COLLEGE STATION – After accounting for seasonal factors, existing homes sold through Texas Multiple Listing Services fell to their lowest level since 2012 amid public health precautions and social distancing measures.
“The month of May marked the housing market’s deepest decline thus far during the ongoing COVID-19 pandemic,” said Dr. James Gaines, chief economist for the Real Estate Center at Texas A&M University.
“Texas’ existing-home sales plummeted 32 percent year over year on top of a 22 percent slide in April,” he said.
According to the National Association of Realtors, existing-home sales across the country fell for the third consecutive month in May, slumping 27 percent year over year. Single-family home sales fared better than that for condominiums and townhomes, suggesting a shift in preferences from urban areas to the suburbs. Similar movements have been observed in Texas’ major metropolitan areas.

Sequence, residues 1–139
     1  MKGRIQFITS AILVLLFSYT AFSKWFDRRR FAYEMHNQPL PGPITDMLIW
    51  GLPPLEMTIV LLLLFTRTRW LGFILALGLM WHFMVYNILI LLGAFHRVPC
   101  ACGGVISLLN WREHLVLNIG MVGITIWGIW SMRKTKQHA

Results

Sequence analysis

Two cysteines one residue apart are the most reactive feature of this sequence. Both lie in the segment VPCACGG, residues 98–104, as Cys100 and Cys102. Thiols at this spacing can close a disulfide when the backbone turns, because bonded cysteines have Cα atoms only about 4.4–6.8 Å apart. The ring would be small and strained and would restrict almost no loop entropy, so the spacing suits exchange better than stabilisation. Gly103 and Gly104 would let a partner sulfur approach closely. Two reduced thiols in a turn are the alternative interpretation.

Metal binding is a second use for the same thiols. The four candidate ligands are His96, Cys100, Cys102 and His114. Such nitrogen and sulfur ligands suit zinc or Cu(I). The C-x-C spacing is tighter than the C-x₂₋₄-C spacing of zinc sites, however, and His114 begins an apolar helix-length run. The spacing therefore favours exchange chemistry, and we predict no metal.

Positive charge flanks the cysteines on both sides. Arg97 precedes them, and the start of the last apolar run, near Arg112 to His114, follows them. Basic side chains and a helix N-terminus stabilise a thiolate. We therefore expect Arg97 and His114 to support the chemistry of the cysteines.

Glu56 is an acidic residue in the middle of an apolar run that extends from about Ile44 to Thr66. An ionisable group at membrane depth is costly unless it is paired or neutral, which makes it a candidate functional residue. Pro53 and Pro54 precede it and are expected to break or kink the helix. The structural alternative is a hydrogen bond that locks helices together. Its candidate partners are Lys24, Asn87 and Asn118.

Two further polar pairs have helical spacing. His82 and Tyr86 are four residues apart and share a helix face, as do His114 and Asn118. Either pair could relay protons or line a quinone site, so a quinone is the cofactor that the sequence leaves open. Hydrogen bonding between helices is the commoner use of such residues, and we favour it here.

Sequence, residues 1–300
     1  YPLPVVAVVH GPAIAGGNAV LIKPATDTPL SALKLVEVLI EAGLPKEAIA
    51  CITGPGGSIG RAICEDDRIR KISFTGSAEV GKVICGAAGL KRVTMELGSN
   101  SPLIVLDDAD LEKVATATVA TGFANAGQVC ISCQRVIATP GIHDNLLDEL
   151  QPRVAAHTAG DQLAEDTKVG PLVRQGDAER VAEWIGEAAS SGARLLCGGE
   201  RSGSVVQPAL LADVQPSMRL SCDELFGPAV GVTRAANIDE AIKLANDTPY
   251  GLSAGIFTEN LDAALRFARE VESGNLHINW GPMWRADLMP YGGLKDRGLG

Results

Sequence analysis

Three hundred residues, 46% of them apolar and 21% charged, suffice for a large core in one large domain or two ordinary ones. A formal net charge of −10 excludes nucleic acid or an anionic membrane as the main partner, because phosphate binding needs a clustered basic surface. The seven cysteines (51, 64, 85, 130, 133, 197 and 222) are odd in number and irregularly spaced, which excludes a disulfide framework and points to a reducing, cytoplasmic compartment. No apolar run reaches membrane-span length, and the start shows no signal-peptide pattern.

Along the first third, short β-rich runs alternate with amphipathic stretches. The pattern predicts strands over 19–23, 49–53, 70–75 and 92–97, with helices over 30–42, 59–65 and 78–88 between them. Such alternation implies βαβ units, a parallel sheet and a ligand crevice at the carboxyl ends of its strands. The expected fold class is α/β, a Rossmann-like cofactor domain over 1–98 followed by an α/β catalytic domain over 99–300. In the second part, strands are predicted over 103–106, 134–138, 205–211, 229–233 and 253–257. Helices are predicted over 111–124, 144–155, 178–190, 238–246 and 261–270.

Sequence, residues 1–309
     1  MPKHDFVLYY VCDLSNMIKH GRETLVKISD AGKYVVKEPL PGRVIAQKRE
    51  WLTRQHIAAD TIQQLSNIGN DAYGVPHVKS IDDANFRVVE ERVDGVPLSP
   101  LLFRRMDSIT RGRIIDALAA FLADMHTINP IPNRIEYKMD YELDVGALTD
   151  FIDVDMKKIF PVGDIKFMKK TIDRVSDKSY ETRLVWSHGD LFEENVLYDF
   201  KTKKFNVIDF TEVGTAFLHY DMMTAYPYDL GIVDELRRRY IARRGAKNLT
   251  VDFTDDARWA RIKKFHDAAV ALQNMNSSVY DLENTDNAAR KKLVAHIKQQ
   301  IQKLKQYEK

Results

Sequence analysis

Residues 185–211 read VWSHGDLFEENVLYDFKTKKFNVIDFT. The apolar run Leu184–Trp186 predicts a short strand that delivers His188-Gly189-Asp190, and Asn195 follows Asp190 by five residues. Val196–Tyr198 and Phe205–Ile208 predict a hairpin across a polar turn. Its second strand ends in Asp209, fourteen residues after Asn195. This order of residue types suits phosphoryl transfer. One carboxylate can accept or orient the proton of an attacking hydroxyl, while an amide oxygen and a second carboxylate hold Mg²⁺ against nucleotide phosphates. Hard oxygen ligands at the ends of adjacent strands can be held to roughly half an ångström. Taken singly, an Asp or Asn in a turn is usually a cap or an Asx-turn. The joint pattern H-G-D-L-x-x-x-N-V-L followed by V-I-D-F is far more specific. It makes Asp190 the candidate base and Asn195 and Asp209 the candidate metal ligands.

Center Research Economist Dr. Luis Torres said May was likely the trough of housing activity, but the coronavirus’ impact on location preferences could be long lasting.
“On the supply side, the number of existing homes rebounded in Texas but remained down 16 percent compared with last May, potentially worsening housing shortages as the market normalizes,” said Torres. The median price for an existing home sold in Texas was $235,000 compared with the national median of $284,600.
“We expect June data to reflect the initial relaxation of COVID-19 restrictions implemented in mid-March,” said Torres, “but a resurgence in contracted coronavirus cases and hospitalizations could reverse the recovery.”
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